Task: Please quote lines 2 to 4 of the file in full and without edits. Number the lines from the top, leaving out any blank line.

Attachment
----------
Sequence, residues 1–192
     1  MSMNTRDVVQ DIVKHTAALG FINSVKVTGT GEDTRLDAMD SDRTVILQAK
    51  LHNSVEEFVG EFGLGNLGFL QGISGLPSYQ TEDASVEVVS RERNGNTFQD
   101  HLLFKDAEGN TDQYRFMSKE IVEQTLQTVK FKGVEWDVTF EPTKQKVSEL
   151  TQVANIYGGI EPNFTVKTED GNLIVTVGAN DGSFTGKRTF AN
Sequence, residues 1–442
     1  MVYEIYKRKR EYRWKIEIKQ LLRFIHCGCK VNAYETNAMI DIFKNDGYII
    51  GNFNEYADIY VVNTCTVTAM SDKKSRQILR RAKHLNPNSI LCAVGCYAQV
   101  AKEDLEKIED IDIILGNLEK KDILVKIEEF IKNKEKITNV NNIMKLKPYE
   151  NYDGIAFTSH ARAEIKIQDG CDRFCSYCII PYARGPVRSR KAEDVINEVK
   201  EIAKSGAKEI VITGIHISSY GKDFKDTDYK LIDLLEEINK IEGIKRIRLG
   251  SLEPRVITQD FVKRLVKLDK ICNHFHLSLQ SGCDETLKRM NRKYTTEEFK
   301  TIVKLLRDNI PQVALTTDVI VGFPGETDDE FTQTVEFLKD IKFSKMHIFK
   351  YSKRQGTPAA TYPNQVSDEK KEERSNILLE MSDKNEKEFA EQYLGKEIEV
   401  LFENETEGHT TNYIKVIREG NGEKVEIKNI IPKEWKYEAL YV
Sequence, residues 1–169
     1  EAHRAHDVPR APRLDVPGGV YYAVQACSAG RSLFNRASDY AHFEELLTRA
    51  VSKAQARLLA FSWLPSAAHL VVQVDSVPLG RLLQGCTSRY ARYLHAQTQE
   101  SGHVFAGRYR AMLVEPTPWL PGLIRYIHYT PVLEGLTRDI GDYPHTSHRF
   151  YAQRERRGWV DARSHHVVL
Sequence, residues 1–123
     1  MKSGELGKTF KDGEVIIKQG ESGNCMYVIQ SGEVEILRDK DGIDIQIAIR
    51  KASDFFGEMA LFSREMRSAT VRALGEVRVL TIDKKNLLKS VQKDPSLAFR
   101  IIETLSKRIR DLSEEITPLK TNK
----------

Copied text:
     1  MSMNTRDVVQ DIVKHTAALG FINSVKVTGT GEDTRLDAMD SDRTVILQAK
    51  LHNSVEEFVG EFGLGNLGFL QGISGLPSYQ TEDASVEVVS RERNGNTFQD
   101  HLLFKDAEGN TDQYRFMSKE IVEQTLQTVK FKGVEWDVTF EPTKQKVSEL